The FDA was established to ensure the safety of food and medicines sold in the US. Sadly, the original charter is now slowly being affected by the advocates of drug importation, who overlook legitimate safety concerns. Ensuring access to reliable and safe prescription drugs is a paramount concern to drug manufactures in the US. And a majority of Americans including law enforcement officials and pharmacists strive to prevent adulterated or counterfeit foreign medicines from flooding their communities.
The debate on drug importation has been ongoing for decades. People who support it have never created a responsible plan that provides the same level of safety and effectiveness as delivered by the FDA. The agency’s rigorous systems of protocols and rules ensure that prescription medications in the country are effective and safe. This long-established policy has led to protests from those who want people in the country to have easy access to cost-effective drugs.
Faced with the rising costs of drugs, millions of law-abiding Americans buy drugs outside the US even though the practice is generally considered illegal. It’s no secret that US citizens regularly purchase prescription medicines online or while travelling abroad. 80% of respondents in the Kaiser Health Tracking Poll dated November 2016, said that they or someone in their household had at some point imported a drug.
Role of the FDA in Drug Importation
The FDA has faced its share of controversy ever since its inception as an official government agency assigned with the regulation and approval from beef to pharmaceuticals. A recent controversy relates to whether the agency should regulate or ban drug importation to the US. The FDA regulates the ability of pharmaceutical companies in the US to roll out drugs in the market. The argument for regulation of drug importation is generally based on economics, while the bickering against a total ban is in the interest of individual rights.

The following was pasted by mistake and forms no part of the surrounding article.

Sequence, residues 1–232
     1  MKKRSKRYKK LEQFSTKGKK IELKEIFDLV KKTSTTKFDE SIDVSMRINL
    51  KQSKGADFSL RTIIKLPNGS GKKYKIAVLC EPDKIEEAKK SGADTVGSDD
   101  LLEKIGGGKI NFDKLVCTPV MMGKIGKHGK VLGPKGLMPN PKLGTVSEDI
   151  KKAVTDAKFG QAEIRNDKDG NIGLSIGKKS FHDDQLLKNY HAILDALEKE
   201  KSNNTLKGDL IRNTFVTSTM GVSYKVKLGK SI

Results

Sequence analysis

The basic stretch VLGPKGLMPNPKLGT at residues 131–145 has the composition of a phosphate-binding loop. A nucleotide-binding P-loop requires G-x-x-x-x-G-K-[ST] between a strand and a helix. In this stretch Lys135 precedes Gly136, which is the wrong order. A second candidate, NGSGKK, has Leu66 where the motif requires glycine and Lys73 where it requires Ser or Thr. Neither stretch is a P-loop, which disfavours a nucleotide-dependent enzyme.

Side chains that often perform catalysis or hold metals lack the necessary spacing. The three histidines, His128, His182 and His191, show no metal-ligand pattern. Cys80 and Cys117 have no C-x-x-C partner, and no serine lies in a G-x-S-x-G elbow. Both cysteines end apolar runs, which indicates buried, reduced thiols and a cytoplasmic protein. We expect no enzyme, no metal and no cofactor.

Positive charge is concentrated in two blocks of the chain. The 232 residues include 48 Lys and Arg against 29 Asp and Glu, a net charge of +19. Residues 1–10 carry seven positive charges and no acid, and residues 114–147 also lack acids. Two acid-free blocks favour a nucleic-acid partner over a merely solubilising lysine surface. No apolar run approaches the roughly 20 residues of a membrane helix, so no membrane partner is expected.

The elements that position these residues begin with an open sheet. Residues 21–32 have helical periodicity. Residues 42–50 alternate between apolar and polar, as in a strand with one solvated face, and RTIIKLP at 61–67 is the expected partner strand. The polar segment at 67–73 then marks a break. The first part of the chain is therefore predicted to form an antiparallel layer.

The FDA prohibits the interstate shipment of unapproved new drugs under the Federal Food, Drug, and Cosmetic Act (FFDCA). Thus, the importation of drugs that lack FDA approval violates the Act. However, if a patient has started treatment with an unapproved drug in another country, or suffers from a condition for which there does not exists any FDA-approved treatment, refraining from taking action against importation may be appropriate, according to the agency’s website.
Who Supplies Drugs to the US?
Nearly 75% of US spending on drugs is for products manufactured within the country. The expiration dates on drugs indicates it pays to be closer to the end consumer. Being close to the FDA in a tightly controlled industry doesn’t harm either. Yet, the sheer size of the US market, which is the biggest in the world, makes it the top importer of drugs on the planet, with $86 billion worth of medicine imported in 2015. The value of imports has shot up by about 200% since 2005.
The top 5 sources of US pharmaceutical imports in 2015 were the UK, Germany, Ireland, Switzerland and India. Excluding India, it’s not possible to find cheap labor in the other countries. Despite this, the UK, Switzerland and Germany are home to some of the globe’s largest research-based pharmaceutical firms. Switzerland and Germany are also popular hubs to the two biggest contract manufactures for biological drugs. Though most medicines are chemically synthesized, biologics are made from animal, human or micro-organism sources and need high tech equipments and a great deal of practical knowledge, skill and expertise.
Ireland is also another source of US drugs imports, accounting for $25 billion of drugs in 2015. The country is home to 24 of the world’s top biotech and pharma companies. The nation’s tax policies have proved so lucrative to medical device and drug companies that the likes of Shire, Medtronic and Allergan have made Dublin their lawful address.